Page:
Finally, what is uninteresting to you actually is most interesting to everyone else, since people use language attributes locally on the page, and rarely who needs to use it for the entire document, since then again you can rely on root attributes, and not headers.

    You have proven nothing beyond that you were wrong yourself, and that your interests diverge from the entire population, measure zero sets excepted.


    Posted by Moose at

  11. Frenzie, if you expect things you will always be disappointed.

    That depends on what you expect.

    However, like Moose said, you still claim incorrect things. That it fails to apply it when you use content-headers does not change that. You could of course say that Opera only supports it if there's a lang attribute present and therefore doesn't give that much of a pro to attribute selectors (but it does give it, definitely), but which probably means that they don't support the selector is just... well, what Moose says.

    Posted by Frenzie at

  12. If Opera doesn't support that part of HTTP or doesn't do anything with it to match :lang it just doesn't support that selector (completely, if you like).

    For people who are still reading, someone told me Safari didn't support this, I will update some parts of the post accordingly.

    Posted by Anne at

  13. Thank you for posting a correction. It still remains true that within partial support, the most important aspect to web authors is supported.

    Thank you, also, for allowing us to skin your site.


    Posted by Moose at

  14. I cannot leave it unanswered, after all. Eh. You seem to be under impression that partial support is equivalent to no support. A few examples are due.

    A very useful, all-or-nothing, is your approach. You didn't address the issue of when and where the :lang selector is used. I leave it for the posterity to judge.


    Posted by Moose at

  15. Moose, I wonder, doesn't it bore you if the entire web looks the same? I like the diversity on the sites I visit. That's also party the reason there's a new default skin on Watchzine now (which is also fluid which should be to your liking btw).

    Also, isn't it true then that no single browser even supports CSS1 completely then? But to me it looks like Anne already adjusted his comment. :)

    Btw, Anne, do you know the #number values for the Dutch quotes? (you know, the ,,quote'' style)

    Posted by Frenzie at

  16. I didn't adjust any comment, only the post. I'm also not sure what Moose is referring too but if he assumes I think that, let it be that way. I don't really care.

    Frenzie, perhaps you can find something useful here, but remember that you use the quotation marks of the general document language, not the quotation marks of the language specified in the Q element. See also the specification.

    Posted by Anne at

  17. If Opera doesn't support that part of HTTP or doesn't do anything with it to match :lang it just doesn't support that selector (completely, if you like).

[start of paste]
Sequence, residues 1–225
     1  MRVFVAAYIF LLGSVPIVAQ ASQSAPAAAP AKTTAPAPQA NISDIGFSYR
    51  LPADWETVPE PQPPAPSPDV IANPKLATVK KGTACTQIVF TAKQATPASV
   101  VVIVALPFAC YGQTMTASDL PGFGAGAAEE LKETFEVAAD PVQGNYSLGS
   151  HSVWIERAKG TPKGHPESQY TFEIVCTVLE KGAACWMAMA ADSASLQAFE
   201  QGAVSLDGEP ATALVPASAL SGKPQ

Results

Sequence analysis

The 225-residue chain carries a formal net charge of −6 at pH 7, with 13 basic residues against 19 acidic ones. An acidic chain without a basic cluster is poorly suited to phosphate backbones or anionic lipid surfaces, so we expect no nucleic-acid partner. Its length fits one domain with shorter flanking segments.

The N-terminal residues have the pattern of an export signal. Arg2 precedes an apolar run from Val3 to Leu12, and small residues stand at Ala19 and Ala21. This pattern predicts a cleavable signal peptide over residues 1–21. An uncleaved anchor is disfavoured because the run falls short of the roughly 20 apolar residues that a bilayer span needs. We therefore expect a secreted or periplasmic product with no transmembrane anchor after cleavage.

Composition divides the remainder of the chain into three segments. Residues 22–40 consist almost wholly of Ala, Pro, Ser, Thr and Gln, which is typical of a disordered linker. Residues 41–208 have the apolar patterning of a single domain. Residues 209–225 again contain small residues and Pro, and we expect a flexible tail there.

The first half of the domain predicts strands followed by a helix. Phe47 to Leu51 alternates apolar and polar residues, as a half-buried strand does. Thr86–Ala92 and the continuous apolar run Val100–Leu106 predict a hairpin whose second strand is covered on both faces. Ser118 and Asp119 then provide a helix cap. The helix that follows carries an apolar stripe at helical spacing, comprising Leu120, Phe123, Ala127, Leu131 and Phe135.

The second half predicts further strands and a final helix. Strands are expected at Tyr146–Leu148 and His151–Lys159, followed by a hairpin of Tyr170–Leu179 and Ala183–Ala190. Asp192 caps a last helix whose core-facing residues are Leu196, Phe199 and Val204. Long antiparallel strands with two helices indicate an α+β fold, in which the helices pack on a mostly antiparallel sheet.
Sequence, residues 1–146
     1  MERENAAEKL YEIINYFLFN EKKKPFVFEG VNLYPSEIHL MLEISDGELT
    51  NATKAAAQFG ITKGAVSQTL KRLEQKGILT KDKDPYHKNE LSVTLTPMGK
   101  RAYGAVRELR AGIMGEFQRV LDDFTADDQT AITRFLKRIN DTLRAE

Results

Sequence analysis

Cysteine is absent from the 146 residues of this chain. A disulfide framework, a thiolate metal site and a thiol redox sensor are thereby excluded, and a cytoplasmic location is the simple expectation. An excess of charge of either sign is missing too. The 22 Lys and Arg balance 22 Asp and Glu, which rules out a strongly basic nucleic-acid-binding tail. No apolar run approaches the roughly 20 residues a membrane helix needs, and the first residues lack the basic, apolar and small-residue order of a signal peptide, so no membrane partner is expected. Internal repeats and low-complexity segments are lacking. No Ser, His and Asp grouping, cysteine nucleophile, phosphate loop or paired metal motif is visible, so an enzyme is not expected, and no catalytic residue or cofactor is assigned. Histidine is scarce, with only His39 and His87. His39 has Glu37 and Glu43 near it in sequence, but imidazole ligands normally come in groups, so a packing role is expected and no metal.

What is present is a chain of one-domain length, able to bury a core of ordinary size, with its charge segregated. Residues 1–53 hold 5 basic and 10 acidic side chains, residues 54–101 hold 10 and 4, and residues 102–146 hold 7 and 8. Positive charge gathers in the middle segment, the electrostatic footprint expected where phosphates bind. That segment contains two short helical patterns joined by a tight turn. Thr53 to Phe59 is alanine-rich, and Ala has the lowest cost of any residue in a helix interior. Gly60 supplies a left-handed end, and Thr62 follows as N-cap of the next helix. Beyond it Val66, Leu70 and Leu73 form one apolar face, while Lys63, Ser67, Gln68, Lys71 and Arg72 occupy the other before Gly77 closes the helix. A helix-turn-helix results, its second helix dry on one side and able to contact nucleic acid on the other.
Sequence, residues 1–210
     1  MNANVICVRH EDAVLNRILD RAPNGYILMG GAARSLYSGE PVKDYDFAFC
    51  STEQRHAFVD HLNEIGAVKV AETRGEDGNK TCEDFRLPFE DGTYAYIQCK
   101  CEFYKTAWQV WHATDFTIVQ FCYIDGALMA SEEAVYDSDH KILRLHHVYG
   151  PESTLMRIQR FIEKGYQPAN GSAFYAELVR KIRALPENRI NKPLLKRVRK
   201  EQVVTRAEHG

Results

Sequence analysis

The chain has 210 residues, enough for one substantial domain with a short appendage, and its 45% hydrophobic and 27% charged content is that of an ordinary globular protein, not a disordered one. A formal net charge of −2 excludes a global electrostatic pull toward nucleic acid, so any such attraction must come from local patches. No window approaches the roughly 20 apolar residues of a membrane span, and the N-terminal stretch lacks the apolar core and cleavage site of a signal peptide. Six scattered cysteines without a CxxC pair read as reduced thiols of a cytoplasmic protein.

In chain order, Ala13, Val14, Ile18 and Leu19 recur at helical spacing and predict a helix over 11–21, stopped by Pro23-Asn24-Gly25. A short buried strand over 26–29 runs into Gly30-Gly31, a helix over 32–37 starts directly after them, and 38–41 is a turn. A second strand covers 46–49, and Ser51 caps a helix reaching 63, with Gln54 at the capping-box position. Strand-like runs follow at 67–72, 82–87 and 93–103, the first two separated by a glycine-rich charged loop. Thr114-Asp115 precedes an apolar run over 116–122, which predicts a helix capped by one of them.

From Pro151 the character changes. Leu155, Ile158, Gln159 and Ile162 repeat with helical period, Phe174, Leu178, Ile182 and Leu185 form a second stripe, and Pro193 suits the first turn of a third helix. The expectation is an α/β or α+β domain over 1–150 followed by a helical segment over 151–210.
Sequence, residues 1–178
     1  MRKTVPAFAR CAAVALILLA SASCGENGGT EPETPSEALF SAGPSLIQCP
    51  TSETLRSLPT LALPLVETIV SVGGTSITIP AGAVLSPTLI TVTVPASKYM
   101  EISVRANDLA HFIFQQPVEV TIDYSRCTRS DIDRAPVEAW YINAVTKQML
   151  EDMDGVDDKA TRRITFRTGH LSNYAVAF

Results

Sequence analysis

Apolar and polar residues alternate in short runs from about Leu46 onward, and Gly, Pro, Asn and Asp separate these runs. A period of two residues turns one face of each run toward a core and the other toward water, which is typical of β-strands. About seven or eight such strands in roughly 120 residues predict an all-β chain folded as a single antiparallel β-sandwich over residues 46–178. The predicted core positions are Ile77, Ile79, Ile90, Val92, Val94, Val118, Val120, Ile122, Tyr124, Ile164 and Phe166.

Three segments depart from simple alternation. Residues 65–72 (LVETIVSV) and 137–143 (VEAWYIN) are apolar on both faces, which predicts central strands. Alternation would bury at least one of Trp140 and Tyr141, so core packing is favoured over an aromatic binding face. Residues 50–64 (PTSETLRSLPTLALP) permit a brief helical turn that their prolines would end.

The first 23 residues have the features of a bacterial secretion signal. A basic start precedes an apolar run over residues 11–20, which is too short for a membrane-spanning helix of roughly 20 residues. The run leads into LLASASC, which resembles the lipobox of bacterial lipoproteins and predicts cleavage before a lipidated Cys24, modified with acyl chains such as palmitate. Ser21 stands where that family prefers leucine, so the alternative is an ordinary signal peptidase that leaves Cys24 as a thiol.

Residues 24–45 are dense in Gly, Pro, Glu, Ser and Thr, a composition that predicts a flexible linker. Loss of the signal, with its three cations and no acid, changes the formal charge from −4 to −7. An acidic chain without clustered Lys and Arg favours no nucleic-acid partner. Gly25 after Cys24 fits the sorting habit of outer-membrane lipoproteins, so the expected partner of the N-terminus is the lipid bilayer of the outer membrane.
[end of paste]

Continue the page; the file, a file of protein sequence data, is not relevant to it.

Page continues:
I assumed that you added the (completely, if you like) later.

    Thanks for the link, that was exactly what I was looking for.

    Posted by Frenzie at

  18. Frenzie - either Anne doesn;t pay attention to what he writes, or he believes what he writes. Only he knows. As written, his approach is an all-or-nothing one.

    As for being bored — look at it this way: you are the user, and that's what user stylesheets are for — to adjust the frequently visited sites to your liking. I have my own preferences, and I'm quite happy with them. By the revealed preference theorem, had I not preferred my own styles, I wouldn't have used them. So I skin every site I can from amongst those I frequently visit. There, I just confessed that I am a frequent visitor here :) To each his own, and I am grateful as hell for the invention of user stylesheets. It makes me so much more powerful as a user than I would otherwise have been. I love user stylesheets.

    Posted by Moose at

  19. It depends on the site, if it's a site like this one, user stylesheets rule. If it's a site like Google, your only solution is Proxomitron. ;)

    Posted by Frenzie at

  20. I was able to skin it because Anne was so kind as to provide an ID for the root element, on my request :)

    Anne, why not add a domain blog ID to index.php matrix of Blog Software That Shall Not Be Named? This way, you could mass popularize CSS signatures, user stylesheets, etc. Awareness work. Whaddayasay?

    Frenzie again: the power of user stylesheets lies in subtraction, not addition. I have a bad habit of deaily visiting a heavily overdesigned, heavy-loaded, and ugly site. So what do I do? Remove everything but the posts themselves, and whatever remains is made plain-text with my colors. The site loads in an instant now. Do I benefit or wot? :]

    display: none; — a gods' gift.

    Posted by Moose at

  21. For me the power of user stylesheets lies in change. This can includes both addition and substraction, but substraction is obviously the most useful one. Btw, the HREF weblog is pretty interesting.

    Posted by Frenzie at